Prospecting Makes Perfect
Prospect profiling begins with an understanding of what you are looking for in a client. The exercise of creating your prospect profile is a critical step in your business development effort.
A couple of questions for you…
Do you believe any business is good business?
Are all of your clients created equal?
When I ask who your clients are, what is your response? Is it any small to middle market business owner?
Or in the words of one of the cosmetics professionals at a networking event I was presenting at replied – ‘I work with anyone with skin and hair’. So the whole world is open to you, you should experience wild success, right? Wrong! Here’s why…
If everyone in the world is a prospect, where do you start? It’s pretty overwhelming isn’t it?
Do you know how you actually make $? Not just income – profit!
And when you look at the profitability of your client base, you begin to find the Pareto principle is alive and well in your book of business, just like it is with the rest of the world. That’s the rule of 80/20 or 80% of your results come from 20% of your efforts.
What happens to your workload if instead of working with everyone, you just describe to me your best client – be as specific as you can without divulging confidential information. Such as, my favorite client is an attorney who is very good at what he or she does, works in a very specific field – actually environmental law. He has great client relationships and is now assuming the position of Rainmaker, like it or not. That’s much more descriptive than ‘I work in the Professional Services Industry’. Where did your mind go when I described my client? Normally the response I hear is ‘I was thinking of who I know who looks like that’.
Intentional growth in your book of business doesn’t happen by happy accident. The more you can target the specific type of work you want to do and the client who needs that solution – the better chance you have of gaining an intro to the decision maker or key influencer in that company.
I like to use analogies when talking about prospecting, so go along with me for a minute. Finding business is a lot like the world we used to live in before the days of grocery stores. If you wanted to put food on the table you grew it or hunted it down. Literally. Much like your responsibility is now. If you bring work into the firm you are now a Rainmaker, and as such you contribute to overall growth of the organization. Not just servicing someone else’s work. Our analogy for this concept is that of hunting.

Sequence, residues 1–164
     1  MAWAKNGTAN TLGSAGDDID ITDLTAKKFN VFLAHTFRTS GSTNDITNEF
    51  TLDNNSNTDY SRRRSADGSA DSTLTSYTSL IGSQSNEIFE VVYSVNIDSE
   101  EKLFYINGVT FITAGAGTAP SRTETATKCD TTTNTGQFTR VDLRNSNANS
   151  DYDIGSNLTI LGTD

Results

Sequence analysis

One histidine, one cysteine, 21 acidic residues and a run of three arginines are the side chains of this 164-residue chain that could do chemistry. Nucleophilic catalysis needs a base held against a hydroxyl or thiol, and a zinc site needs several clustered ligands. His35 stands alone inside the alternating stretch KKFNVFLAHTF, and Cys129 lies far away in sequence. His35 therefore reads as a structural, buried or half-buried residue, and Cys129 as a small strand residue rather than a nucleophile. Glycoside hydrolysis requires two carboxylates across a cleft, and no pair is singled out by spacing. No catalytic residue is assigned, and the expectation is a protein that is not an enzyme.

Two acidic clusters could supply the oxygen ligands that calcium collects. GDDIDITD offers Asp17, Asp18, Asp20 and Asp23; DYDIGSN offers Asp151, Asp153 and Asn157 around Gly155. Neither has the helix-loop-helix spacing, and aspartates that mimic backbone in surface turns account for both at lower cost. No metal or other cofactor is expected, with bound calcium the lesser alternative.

When you would go hunting, you had to select what you were hunting. If you bagged a bear, you ate for the winter, a deer, you would eat for a month. It takes several rabbits to feed your family, and so on…
Compare this to your book of business: A bear is a very profitable client. You enjoy working with them. The work is challenging, high value and the client appreciates your expertise. They pay their bills without nitpicking. A deer is a client that is easy to bring in and on board. They are consistent cash flow and don’t require extensive management. It’s good work. You make money. Then we look at the marginally profitable clients. Let’s call these Rabbits. They may be cute, but create more work than you get paid for. They never have enough money to do everything that needs done. And the final category is one we all face at one point or another. It’s the client that drains your time and energy and is NEVER happy. They nitpick the bill and drive accounting nuts. They are slow pay. No one likes them. Perhaps they are verbally and emotionally abusive. We call these spiders. And go after them with a can of Raid!
Categorize and Conquer
Once you have these descriptions in mind, review your account list and categorize into A (Bear), B (Deer), C (Rabbit) and D (Spider). Our attention and client management needs to be spent on A and B accounts, Rabbits delegated to an internal service team that is low cost (and not you) and Spiders need to be fired.
Then find the companies that fit the same parameters as the clients in your A and B categories and make a list.
Now, if you want to take this same approach to intentional account growth – pick the top 10 clients you would like to acquire in 2013. Share them when you go out for those coffee meetings, instead of asking for a referral to a corporate business leader – share the name of the person you’d like to build a relationship with. And watch the referrals happen!
Don’t think this means you limit your focus, unless you get lazy and stop sharing new names – remember if I don’t know them this month, your chances are not good for me to meet them this month. Give me another shot with other new contacts!
So go do Less – and Make More… $ales that is!
Guest Blogger: Breandan Filbert has the ability to sift through the product or service ‘noise’ and get to the real basis of relationship building- the people. She partners with her clients to create long-standing highly productive relationships with their clients and referral partners. She has worked with attorneys and other professional service providers to increase their book of business and attain ‘Top Rainmaker’ status within their firms. She is the founder and managing partner of SalezWorks in Kansas City.
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